Mindful meditation. Here you focus on your breathing and bring your mind back to the moment. Mindfulness meditation proves most challenging for me because my mind loves wandering aimlessly into the past or future!

Transcendental Meditation (TM). With TM, a practitioner gives you a word that you silently repeat 20 minutes, twice a day, allowing you to “transcend” into deeper levels of consciousness. When your mind wanders or a thought enters, you simply bring your attention gently but firmly back to the word.

Visualization meditation. You might know an athlete who uses this type of meditation to “visualize” their win. You simply choose a word, activity, or goal to focus on and give your complete attention to that thought. Breathing as well as calming your mind and body are crucial precursors for visualizing these goals.

Passage meditation. If you were a lit major in college who memorized long passages of Wordsworth or attended Catholic school where you recited scripture, passage meditation could be for you. Using scripture, poetry, or other inspiring written words, you slowly focus on each word, allowing it to seep deeper to transform consciousness.

Your turn: Do you already do meditation, or are you up for the challenge along with me? (I’ll need all the support I can get!) Share your experiences about what works for you to calm your mind and focus on being present in the comments section below.

Additional References:

Deepak Chopra. Grow Younger, Live Longer: Ten Steps to Reverse Aging. (New York: Harmony, 2007), 47.

Don’t Let It Get Your Goat: The Art of Disregard
By Terri Trespicio

I have wasted many hours being angry — at a rolling boil and a low, persistent simmer. I’ve spent just as many being indignant, defensive, and annoyed. But wasted is, perhaps, too harsh a word. Because in many instances, those emotions fueled action: I penned a pointed letter, stood up for myself, joked about it and moved on.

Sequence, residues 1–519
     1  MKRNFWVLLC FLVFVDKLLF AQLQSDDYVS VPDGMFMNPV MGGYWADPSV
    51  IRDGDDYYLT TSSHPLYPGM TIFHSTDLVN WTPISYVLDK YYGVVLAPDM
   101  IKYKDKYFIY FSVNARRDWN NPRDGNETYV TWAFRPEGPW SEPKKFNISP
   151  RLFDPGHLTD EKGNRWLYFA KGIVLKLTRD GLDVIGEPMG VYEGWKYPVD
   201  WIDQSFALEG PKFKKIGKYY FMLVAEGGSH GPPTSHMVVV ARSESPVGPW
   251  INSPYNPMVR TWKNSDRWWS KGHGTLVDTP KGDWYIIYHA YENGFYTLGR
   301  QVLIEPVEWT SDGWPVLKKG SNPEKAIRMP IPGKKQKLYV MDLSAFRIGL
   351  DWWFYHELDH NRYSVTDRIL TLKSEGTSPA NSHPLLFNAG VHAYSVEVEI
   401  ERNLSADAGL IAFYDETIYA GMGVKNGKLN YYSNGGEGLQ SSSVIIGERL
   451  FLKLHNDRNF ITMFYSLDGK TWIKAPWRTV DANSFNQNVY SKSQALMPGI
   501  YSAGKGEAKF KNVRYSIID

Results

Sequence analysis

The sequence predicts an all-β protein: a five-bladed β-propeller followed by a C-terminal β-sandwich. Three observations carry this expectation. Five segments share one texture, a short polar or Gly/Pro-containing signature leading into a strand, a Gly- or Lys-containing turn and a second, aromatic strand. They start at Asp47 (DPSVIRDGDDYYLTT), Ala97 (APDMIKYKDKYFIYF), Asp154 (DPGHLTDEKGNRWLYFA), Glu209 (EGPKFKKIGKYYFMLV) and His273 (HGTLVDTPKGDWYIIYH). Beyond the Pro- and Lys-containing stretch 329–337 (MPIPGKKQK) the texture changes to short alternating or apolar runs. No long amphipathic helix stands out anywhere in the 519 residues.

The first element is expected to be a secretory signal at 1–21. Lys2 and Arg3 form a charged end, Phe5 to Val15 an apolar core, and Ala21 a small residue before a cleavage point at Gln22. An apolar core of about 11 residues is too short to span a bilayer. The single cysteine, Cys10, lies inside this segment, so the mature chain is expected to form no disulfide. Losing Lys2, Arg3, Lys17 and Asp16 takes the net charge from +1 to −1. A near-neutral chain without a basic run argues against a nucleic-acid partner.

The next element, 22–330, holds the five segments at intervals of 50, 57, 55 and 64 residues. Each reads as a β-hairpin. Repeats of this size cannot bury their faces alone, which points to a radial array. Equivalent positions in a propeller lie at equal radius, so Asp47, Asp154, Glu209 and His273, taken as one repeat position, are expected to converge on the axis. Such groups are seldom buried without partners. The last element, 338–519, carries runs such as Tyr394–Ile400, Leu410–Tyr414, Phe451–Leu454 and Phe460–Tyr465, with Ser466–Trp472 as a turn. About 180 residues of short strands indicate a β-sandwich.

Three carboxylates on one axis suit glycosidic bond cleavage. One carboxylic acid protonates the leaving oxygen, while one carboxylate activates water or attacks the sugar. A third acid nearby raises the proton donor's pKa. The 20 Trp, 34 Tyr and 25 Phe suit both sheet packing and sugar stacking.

But plenty of other times, it was clear that the other party had gotten my goat — and good. I once taught a course teaching freelance writers how to manage their relationships with editors, and I got great feedback… save for one person who clearly hated me. Her instructor evaluation was ruthless and cruel, claiming she spent most of the class making our her shopping list. It took my breath away — and my day ground to a halt. I talked to anyone who would listen about how shocked I was, how could she, and then I went in for the attack, assuming she was a miserable, failed writer who didn’t like taking advice from someone 10 years younger than her.

But then I was as quickly aware that I was talking about it a lot. One salty review had derailed me, and the other 10 positive evals meant nothing? I remembered an interview I’d read about Madonna once, where she said if there were 100 people in the room and one of them didn’t like her, she wanted to know why. Then I was kind of embarrassed: Why did I think everyone had to like me or agree with me — or else? Because that seemed like a lot to ask.

Emotions, whether they feel good or bad, have a purpose, so long as they guide decision making or make you more aware. But when they don’t, you end up on your own torturous mental treadmill, pounding out mile after angry mile and getting nowhere fast.

In her insightful column in the New York Times (“In Praise of Disregard”), Princeton professor Christy Wampole says we need to find a new way to cope with the frenzy of information, opinions, and anonymous vitriol that come at us full speed every day, online and off. And the answer is to disregard. But not in the negative sense of the word, which, in our cultural context, implies disrespect or blatant ignoring of a thing. True disregard, she says, should erode the influence of violent ideas.